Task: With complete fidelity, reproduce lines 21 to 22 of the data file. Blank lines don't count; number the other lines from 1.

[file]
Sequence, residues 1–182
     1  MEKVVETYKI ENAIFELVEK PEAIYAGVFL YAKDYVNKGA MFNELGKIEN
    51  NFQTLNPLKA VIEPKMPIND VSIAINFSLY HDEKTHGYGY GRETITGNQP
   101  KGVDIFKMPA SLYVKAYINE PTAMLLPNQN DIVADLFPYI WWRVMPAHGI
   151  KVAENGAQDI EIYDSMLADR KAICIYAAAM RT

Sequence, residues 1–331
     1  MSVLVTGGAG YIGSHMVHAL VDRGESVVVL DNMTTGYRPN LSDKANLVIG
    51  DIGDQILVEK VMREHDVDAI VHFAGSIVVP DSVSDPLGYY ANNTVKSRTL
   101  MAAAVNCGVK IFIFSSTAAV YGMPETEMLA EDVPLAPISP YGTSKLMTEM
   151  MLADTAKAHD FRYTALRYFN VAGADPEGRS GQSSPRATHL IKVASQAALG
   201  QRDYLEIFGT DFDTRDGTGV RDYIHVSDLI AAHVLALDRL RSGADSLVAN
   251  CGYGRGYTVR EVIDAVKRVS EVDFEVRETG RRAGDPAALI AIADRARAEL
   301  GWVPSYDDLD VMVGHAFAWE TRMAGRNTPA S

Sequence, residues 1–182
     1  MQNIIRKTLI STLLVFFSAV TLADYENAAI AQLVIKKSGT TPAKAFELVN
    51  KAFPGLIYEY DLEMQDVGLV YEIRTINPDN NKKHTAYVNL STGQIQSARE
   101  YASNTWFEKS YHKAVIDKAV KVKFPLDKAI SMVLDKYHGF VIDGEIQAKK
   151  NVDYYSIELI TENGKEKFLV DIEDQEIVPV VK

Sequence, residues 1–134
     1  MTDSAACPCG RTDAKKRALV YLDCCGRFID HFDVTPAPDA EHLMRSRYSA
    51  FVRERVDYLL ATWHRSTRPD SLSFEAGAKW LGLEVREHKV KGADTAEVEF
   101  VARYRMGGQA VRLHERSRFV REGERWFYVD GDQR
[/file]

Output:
    51  FVRERVDYLL ATWHRSTRPD SLSFEAGAKW LGLEVREHKV KGADTAEVEF
   101  VARYRMGGQA VRLHERSRFV REGERWFYVD GDQR